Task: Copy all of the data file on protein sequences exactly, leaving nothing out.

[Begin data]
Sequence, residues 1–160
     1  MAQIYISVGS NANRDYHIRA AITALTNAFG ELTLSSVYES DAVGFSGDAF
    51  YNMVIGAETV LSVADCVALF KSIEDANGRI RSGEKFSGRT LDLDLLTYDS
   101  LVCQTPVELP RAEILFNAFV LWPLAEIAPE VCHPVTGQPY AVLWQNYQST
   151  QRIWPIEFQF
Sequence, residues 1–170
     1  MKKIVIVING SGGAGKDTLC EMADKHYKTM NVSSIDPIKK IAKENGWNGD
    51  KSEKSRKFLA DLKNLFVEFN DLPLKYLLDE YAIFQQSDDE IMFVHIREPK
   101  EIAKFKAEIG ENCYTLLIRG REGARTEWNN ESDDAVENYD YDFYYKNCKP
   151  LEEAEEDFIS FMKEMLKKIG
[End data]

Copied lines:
Sequence, residues 1–160
     1  MAQIYISVGS NANRDYHIRA AITALTNAFG ELTLSSVYES DAVGFSGDAF
    51  YNMVIGAETV LSVADCVALF KSIEDANGRI RSGEKFSGRT LDLDLLTYDS
   101  LVCQTPVELP RAEILFNAFV LWPLAEIAPE VCHPVTGQPY AVLWQNYQST
   151  QRIWPIEFQF
Sequence, residues 1–170
     1  MKKIVIVING SGGAGKDTLC EMADKHYKTM NVSSIDPIKK IAKENGWNGD
    51  KSEKSRKFLA DLKNLFVEFN DLPLKYLLDE YAIFQQSDDE IMFVHIREPK
   101  EIAKFKAEIG ENCYTLLIRG REGARTEWNN ESDDAVENYD YDFYYKNCKP
   151  LEEAEEDFIS FMKEMLKKIG